Below is the audio recording and transcription from my audio recording of the November 5th board workshop when district attorney Ernie Trakas tells Superintendent Critchlow and the board that if they are going to discuss responding to the public at a board meeting that they need to discuss that in Closed Session.

According to Missouri Sunshine Law, Closed Meetings are only used to discuss issues such as Litigation, Personnel matters and Real Estate transactions. According to Missouri Sunshine law Section 610.022.3 requires that the meeting be closed only to the extent necessary to discuss the specific announced exception. No other business should be discussed during the closed meeting. The discussion of board meetings which includes the topic of responding to the public was listed under the board workshop agenda as part of the Open Meeting.

The only items listed on the board workshop agenda for Closed Sessions were 610.021.1 Litigation, 610.021.3 Personnel, 610.021.9 Negotiations and 610.021.13 Personnel Records. Therefore, I believe that Fox violated Missouri Sunshine Law by taking what was being discussed in the public into Closed Session.

Public Discussion Taken To Closed Session
Here is a transcribed portion of the audio leading up to board president Dan Smith adjourning the meeting to closed session after he suggested giving responses to the public at the next board meeting:

Board President Dan Smith 
"Here's an idea, I'm just gonna throw this out. What if at the next board meeting we give a response after one of the administrators has had some time to research the question, gotten the information, gotten the answers maybe it's been run through, then we can give the public some answers."
Superintendent Critchlow 
"From the previous one?"
Board President Dan Smith 
"From the previous meeting."
Superintendent Critchlow 
"Oh! (surprised response followed by a long pause) Ernie?" (nervous laughter)
Ernie Trakas (School district attorney)
"You're now, um, in my opinion anyway, if we're going to discuss this, it needs to be discussed in Closed Session."
Board President Dan Smith 
"Alright. Alright. Then I make a motion to adjourn."
At this point the board adjourned to Closed Session after Mr. Smith was told by the board secretary to read the agenda items for Closed Session. Discussing board meetings was not on the list of items to be discussed in Closed Session.

So, what reason did the attorney have for taking the Open Meeting discussion about Board Meetings into closed session?

It seems very clear from Mr. Trakas's statement, that he felt that the topic that Mr. Smith just brought up, needed "to be discussed in Closed Session" and that would violate Missouri Sunshine Law. The district attorney was responding to Superintendent Critchlow's request for counsel on Mr. Smith's statement on responding to the public at the next board meeting.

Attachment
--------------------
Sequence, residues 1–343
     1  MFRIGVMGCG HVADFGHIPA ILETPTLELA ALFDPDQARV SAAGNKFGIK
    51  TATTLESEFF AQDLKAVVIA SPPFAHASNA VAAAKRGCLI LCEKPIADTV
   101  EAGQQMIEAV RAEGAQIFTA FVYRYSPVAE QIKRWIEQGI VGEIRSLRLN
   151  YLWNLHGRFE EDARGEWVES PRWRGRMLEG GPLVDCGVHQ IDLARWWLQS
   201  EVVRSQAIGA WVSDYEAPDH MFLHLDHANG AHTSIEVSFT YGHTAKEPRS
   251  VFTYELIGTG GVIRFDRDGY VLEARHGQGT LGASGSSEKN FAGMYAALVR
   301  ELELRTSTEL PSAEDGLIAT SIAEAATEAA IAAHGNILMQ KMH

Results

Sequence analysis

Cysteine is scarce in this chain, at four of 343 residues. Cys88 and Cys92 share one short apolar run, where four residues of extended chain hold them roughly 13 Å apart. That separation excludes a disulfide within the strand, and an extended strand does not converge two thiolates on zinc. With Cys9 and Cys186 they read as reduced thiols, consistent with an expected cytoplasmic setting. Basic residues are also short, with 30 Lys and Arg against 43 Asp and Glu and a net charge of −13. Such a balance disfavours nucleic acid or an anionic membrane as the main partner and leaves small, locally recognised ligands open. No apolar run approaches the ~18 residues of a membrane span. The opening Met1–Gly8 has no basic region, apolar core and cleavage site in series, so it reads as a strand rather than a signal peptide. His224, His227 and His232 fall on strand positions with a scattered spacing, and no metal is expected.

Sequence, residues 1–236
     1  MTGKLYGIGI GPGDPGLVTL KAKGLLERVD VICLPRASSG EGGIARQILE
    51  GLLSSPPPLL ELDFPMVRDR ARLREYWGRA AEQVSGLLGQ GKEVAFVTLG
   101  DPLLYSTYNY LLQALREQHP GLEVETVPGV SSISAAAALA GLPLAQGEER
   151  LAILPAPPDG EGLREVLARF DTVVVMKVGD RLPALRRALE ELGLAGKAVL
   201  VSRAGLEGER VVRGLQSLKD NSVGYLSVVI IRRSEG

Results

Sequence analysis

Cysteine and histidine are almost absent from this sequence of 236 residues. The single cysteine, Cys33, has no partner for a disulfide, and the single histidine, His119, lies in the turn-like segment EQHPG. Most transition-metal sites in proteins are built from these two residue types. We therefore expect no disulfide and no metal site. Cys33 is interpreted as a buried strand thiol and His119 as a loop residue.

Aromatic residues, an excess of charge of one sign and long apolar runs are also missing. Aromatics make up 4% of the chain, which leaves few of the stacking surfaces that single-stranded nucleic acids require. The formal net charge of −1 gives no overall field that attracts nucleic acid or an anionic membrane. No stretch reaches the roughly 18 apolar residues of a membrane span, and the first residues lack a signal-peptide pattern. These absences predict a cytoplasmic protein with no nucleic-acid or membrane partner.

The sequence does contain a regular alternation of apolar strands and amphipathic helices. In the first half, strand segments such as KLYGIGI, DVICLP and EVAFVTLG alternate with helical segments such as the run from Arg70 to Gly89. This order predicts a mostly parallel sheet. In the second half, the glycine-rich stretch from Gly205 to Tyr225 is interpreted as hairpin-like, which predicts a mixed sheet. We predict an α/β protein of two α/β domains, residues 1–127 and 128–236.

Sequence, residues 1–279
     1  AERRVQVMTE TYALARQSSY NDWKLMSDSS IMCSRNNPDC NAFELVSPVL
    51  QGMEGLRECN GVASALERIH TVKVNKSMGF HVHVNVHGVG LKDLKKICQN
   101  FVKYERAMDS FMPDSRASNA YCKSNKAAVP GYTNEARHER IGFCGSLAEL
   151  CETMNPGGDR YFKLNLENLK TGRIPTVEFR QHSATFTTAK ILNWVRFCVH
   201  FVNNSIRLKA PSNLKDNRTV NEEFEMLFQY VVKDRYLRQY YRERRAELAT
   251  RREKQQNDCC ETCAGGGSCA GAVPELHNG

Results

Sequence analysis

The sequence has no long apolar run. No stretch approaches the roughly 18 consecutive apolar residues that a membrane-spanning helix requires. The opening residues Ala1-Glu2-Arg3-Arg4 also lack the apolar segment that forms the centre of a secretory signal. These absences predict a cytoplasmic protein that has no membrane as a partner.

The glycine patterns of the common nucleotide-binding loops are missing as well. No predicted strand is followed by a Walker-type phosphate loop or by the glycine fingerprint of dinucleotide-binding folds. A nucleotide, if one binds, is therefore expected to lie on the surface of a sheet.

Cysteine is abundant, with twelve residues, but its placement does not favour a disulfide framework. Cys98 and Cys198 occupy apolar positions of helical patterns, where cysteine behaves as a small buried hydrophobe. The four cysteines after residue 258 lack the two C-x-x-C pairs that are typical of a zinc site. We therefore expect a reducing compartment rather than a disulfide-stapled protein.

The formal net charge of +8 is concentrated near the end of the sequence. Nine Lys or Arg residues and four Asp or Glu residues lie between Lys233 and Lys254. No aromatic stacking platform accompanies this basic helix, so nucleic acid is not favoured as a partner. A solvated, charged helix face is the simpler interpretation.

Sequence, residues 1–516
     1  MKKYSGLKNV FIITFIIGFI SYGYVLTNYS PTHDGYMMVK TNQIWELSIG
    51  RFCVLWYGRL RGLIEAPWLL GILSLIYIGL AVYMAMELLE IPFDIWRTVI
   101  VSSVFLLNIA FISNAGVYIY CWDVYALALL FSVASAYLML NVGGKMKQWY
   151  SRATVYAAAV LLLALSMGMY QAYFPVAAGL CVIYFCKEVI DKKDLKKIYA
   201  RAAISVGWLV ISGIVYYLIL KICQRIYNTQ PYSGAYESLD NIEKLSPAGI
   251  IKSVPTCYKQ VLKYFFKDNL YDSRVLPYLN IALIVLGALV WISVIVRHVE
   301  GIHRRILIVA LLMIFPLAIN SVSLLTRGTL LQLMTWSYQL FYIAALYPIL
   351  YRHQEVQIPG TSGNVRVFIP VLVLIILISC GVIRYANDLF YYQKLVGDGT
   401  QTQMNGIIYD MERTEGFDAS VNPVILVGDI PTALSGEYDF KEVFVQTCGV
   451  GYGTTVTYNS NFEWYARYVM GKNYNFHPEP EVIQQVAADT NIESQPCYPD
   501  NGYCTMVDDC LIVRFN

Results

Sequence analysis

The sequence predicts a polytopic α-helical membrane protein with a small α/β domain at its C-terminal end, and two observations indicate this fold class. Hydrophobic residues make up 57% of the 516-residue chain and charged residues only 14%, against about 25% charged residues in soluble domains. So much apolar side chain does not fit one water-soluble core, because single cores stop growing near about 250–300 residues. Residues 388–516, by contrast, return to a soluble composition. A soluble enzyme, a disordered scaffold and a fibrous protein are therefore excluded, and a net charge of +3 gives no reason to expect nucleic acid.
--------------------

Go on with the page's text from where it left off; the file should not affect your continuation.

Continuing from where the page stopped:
At the beginning of the board workshop, the district attorney expressed his concerns to the board about having open discussions with the public prior to board meetings. I want to commend board members Steve Holloway, John Laughlin and Cheryl Herman who all expressed their desire for wanting to speak and meet with the public prior to board meetings which I will cover in more detail in another article. It's important for the public to know what the school district attorney's opinion is on having listening sessions for the public with the board.

Early in the meeting, board president Dan Smith asked the Fox C-6 legal counsel Ernie Trakas for his input about the open session discussions prior to board meetings. Here is what Mr. Trakas had to say on that subject.

"And I'm going to speak candidly. That is what I would hope you expect. In my opinion, there's no upside to this. For perhaps 3 or 4 reasons. 
Your policy already provides an ample and sufficiently comprehensive and coordinated method for Public Comment. 
This board listening period, inevitably is going to be monopolized by a handful of people, almost every time. So that means that your goal, which is admirable, will never be accomplished. One, two, three people will constantly buttonhole board members and will turn it into what I believe ultimately will be a gripe session. 
Most important! 
Third and most important to me, the absence of a contemporaneous record poses significant problems. Not so much what you relate but what the person you spoke with relates to others in the media what you said. I guarantee you as I'm standing here tonight. It will never be accurate. So, for those reasons, I just don't see an upside to it. Um. Whatever another school district may do, good for them. But, um, for my money, the downside risk far outweighs any upside gain. 
Look, if nothing else, it's certainly going to um, it certainly has the potential for interesting publicity. Um. If not flat out inaccurate because there's an absence of a contemporaneous record. There's also no opportunity for you as a board member for any type of input from the administration for background or other information that may be important for you to understand what it is this person's talking about. So for all those reasons I just don't see it as a good idea."